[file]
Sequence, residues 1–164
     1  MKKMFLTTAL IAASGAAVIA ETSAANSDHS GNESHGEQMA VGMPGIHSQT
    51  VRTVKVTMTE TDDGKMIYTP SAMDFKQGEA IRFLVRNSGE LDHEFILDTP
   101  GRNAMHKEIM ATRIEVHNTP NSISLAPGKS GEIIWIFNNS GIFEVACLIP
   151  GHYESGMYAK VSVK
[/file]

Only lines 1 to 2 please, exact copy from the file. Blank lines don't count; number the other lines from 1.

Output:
Sequence, residues 1–164
     1  MKKMFLTTAL IAASGAAVIA ETSAANSDHS GNESHGEQMA VGMPGIHSQT